What do we do when our dreams and hopes are crushed? When we think life will turn out right in the end, and then it really doesn’t? This child, this blessing, will forever be linked to the death of his most beloved. How does one look at that child’s angelic face and not also see the ‘angel of death’. No, Jacob could never live with the name Ben Oni, ‘son of my sorrow’. It would be too much to bear! For Jacob to love this child, to affirm the potential and the blessing of his youngest son, Jacob would need to reframe the event. This child was going to become Binyamin, a ‘son of strength’, a source of inspiration. Indeed, for all the years that Joseph was absent, Jacob and Benjamin’s souls were intertwined; it makes sense because this child provides the only living link to his mother. Of course, one never recovers from the death of a soulmate, but one can learn to live and love even after death. Jacob tweaks the name given by Rachel but does not completely change it. Still, in the renaming of Benjamin, we see how Rachel is given new life, because as he gazes upon his youngest son, Jacob can also remember the beauty, strength, and fortitude that defined his late wife. The renaming of Benjamin is not only a gift to the child, but a gift to Rachel. In Jacob renaming his son, he commits himself to remember her for all of who she was, and not to remain haunted by her traumatic death.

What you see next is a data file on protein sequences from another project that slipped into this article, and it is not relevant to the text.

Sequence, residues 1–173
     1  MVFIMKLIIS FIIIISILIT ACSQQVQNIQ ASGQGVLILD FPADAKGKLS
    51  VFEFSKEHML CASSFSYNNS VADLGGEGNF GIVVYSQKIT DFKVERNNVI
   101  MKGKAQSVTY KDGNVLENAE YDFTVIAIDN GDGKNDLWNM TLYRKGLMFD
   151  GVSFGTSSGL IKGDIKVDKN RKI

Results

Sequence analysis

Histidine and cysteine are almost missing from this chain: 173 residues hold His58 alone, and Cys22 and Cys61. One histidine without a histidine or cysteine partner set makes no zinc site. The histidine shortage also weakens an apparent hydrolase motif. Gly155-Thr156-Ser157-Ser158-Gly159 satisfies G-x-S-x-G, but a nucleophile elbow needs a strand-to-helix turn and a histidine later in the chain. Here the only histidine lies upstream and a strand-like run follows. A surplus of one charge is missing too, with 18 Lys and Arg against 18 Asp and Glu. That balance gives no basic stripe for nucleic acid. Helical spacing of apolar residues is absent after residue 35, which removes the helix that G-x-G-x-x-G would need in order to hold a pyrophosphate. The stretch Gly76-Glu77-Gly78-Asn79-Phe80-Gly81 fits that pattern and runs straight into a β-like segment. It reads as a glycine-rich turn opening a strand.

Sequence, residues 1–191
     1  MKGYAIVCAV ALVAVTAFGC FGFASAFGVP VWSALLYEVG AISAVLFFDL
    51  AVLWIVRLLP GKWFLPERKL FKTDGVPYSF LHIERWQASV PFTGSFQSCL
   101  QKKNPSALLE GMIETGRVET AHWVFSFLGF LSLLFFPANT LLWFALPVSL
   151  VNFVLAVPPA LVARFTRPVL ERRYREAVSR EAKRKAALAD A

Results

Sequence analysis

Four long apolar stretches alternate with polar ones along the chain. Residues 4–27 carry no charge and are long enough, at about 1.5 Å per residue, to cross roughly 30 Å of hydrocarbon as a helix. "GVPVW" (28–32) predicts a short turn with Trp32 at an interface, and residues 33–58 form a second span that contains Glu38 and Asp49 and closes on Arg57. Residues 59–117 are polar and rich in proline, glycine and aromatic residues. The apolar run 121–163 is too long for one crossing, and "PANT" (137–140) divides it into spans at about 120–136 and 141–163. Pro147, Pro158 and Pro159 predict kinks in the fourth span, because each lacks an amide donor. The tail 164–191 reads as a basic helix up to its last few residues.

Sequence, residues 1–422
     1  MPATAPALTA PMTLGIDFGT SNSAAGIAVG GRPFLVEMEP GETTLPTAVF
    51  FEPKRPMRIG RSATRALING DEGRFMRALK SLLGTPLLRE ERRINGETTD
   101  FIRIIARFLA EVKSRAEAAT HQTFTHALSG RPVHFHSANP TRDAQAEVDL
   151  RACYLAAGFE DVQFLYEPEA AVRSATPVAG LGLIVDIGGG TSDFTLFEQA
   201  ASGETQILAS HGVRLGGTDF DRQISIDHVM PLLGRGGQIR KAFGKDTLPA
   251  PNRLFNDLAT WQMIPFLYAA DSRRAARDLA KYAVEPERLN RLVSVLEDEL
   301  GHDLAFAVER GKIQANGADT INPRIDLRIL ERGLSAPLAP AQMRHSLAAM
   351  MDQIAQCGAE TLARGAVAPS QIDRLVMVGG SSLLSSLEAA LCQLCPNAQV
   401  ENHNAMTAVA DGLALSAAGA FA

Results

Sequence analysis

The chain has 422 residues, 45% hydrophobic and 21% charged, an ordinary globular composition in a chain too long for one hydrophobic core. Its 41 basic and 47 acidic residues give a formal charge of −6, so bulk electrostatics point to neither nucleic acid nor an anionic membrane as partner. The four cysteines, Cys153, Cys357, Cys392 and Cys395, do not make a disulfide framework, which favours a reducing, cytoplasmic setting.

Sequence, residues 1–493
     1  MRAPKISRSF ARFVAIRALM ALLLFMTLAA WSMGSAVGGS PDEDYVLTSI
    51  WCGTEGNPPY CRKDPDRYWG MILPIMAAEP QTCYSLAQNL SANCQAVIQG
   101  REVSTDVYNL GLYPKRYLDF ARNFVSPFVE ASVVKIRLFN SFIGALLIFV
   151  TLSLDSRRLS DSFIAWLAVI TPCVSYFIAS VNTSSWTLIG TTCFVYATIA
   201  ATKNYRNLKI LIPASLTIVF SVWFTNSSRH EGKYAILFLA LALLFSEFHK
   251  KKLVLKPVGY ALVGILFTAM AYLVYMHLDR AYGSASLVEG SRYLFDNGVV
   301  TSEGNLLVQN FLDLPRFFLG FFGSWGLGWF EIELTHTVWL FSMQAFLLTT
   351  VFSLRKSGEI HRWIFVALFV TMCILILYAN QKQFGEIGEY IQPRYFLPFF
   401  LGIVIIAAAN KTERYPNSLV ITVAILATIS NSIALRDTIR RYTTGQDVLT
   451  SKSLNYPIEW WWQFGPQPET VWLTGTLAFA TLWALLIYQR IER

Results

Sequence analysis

Yet in this week’s parashah, as Jacob prepares for his own death, he again returns to the road to Efrat, the place where his beloved Rachel was taken too soon. As our parashah opens Jacob calls for Joseph and his two sons, Ephraim and Menashe.  He tells Joseph that upon returning to Israel he had gone to Bet El, or Luz, and it was there that God named him Israel. God blessed him there. “I will make you fertile and numerous, making of you a community of peoples; and I will assign this land to your offspring to come for an everlasting possession.” (Gen 48:4) He then informs Joseph that his two grandsons, Ephraim and Menashe, will be just like his own children Reuben and Shimon, and thus Joseph will receive a double portion. Then Jacob reminisces. “When I was returning from Paddan, Rachel died, to my sorrow, while I was journeying in the land of Canaan, when still some distance short of Efrat; and I buried her there on the road to Efrat”—now Bethlehem (Gen. 48:7). The text is confusing. What is the connection between God’s blessing, the elevation of Ephraim and Menashe and what seems to be an irrelevant story about Rachel?